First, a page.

Road & Highway Accidents
On the Scene E-Newsletter, Edition 119, July 21, 2010
Grown in tandem with America’s love of the automobile, a complex and extensive system of highways and roads now wind their way through every state. However, while more cars have been manufactured and put into use on these roads, the roads themselves have not grown proportionately. According to the US Dept of Transportation, between the years of 1985 and 2006, vehicle miles traveled increased by nearly 100 percent, while highway lane miles only increased 5 percent during the same period. The result? More congestion.
In an attempt to relieve this congestion and to repair or to replace existing roadways, state and local governments spend considerable time maintaining and building new roads in their jurisdictions. Construction sites are constantly created and traffic controls are implemented so vehicular and pedestrian traffic can be directed around the work zones. This temporary traffic control works to keep an effective flow of traffic, while also attempting to create a safe environment for construction workers. This is a tall order as the US Dept of Transportation estimates more than 12 billion vehicle miles of travel have been through active work zones during the year 2001. A side effect of this traffic volume, put into perspective based on 2008 Statistics, looks like this:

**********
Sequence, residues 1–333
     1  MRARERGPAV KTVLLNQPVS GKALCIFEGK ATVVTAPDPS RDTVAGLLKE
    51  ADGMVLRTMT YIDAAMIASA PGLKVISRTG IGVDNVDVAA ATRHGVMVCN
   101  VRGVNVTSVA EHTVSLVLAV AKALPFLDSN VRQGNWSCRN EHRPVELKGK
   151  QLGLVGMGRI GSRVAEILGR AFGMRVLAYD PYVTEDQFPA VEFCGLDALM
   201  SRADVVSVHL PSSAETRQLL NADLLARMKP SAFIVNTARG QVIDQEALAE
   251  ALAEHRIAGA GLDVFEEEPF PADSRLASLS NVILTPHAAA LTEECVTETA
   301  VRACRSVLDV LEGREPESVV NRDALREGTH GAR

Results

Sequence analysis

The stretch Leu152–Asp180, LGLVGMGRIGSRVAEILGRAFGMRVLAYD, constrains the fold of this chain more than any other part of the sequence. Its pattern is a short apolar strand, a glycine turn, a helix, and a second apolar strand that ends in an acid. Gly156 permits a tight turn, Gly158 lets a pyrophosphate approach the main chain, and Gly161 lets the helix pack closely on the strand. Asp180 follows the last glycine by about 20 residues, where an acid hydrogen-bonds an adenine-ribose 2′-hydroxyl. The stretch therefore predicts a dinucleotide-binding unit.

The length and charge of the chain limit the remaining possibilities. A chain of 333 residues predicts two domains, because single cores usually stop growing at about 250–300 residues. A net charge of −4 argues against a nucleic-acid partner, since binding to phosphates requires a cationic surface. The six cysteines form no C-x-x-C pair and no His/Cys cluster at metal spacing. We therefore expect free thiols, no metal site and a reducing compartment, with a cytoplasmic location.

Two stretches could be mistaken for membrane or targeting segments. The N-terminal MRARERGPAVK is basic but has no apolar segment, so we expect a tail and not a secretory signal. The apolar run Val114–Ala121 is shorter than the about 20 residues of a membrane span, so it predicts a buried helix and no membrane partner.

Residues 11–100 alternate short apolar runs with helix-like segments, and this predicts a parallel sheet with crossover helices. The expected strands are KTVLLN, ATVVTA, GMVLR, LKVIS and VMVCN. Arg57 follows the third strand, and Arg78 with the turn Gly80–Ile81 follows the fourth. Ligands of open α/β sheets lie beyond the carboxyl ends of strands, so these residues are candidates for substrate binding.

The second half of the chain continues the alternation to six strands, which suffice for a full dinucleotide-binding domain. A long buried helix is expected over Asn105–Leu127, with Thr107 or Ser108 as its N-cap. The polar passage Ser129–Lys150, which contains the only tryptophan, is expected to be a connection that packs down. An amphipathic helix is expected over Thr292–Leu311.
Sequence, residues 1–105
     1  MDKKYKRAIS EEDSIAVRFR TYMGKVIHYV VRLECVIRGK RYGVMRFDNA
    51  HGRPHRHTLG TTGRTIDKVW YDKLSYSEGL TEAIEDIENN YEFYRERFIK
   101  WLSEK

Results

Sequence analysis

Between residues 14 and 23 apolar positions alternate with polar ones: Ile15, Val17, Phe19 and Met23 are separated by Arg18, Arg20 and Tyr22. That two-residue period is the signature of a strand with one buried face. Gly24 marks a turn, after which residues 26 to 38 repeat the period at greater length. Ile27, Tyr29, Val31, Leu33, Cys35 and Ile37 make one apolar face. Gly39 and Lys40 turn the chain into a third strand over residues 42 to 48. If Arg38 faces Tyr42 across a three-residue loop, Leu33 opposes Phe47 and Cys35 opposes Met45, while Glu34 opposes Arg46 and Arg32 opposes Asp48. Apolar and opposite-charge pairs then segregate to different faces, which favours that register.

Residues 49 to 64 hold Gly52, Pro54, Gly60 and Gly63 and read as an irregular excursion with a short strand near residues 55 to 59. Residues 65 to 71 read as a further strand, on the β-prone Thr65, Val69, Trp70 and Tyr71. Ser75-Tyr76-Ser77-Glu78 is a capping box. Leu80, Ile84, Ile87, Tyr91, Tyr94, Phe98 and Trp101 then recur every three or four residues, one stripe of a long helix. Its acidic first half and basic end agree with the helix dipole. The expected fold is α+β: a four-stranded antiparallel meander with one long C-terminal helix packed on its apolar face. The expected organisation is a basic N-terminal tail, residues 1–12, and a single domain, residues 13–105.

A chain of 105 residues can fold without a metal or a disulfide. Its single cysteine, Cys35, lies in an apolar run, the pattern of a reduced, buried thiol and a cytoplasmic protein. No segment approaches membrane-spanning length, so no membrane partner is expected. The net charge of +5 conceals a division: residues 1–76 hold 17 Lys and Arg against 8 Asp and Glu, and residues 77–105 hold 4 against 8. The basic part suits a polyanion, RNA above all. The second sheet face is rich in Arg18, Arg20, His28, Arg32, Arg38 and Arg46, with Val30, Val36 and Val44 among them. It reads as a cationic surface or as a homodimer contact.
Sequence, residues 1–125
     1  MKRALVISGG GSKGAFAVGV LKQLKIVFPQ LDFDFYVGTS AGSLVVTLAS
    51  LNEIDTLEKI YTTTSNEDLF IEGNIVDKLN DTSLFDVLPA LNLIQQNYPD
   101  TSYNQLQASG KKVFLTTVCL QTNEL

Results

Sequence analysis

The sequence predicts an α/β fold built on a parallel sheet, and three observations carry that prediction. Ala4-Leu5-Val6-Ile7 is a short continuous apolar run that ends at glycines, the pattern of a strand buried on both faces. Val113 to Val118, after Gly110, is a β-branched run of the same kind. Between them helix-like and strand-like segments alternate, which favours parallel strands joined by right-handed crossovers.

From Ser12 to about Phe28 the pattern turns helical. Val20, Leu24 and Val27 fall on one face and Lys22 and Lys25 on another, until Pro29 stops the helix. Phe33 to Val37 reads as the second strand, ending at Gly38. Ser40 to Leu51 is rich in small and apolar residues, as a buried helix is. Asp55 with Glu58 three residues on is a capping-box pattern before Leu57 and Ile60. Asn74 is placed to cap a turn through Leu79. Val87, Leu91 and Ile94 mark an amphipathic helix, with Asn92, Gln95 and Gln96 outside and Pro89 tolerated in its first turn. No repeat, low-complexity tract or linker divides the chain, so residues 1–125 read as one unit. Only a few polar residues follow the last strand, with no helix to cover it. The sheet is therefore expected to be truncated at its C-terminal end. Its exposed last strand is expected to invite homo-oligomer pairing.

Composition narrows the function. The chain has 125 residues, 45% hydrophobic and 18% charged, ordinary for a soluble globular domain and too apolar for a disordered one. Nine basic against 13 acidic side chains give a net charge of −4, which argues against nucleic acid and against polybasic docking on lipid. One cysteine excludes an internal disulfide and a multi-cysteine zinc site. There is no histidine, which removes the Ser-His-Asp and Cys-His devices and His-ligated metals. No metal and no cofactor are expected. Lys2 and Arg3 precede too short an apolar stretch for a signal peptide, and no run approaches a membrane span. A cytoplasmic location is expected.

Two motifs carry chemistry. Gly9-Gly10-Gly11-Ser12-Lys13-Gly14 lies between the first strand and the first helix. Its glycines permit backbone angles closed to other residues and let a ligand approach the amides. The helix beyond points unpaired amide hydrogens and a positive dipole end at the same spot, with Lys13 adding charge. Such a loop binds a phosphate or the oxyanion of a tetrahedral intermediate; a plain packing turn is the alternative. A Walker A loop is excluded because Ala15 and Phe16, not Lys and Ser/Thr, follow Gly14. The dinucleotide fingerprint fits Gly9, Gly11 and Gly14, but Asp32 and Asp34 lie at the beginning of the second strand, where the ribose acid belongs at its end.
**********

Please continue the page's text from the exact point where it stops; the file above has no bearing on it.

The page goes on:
One work zone fatality every 10 hours (2.3 a day)
One work zone injury every 13 minutes (110 a day)
By their very nature, work zones can present motorists with unexpected and hazardous driving situations. And with $27.5 billion coming from the American Recovery and Reinvestment Act of 2009, specifically allocated toward highway and bridge construction projects, these statistics are likely to appear grimmer in the future.
Crashes in highway work zones can be more complicated to analyze than non-work zone crashes. In addition to traditional accident reconstruction methods (speed and velocity determination, skid, gouge mark, debris and crush analysis, etc), all the parties involved in the Temporary Traffic Control, along with their scope and responsibilities must also be considered. As construction sites are in a constant state of change, this can be problematic.
Not only do the engineers at CED Technologies have expertise in accident reconstruction, but they also have the experience and knowledge to interpret the standards put forth by organizations such as the Occupational Safety and Health Administration (OSHA) and the guidelines in the Manual on Uniform Traffic Control Devices (MUTCD) as they pertain to work zone accidents.
For more information on CED experts please contact one of our case managers at email@example.com or on the web at www.cedtechnologies.com.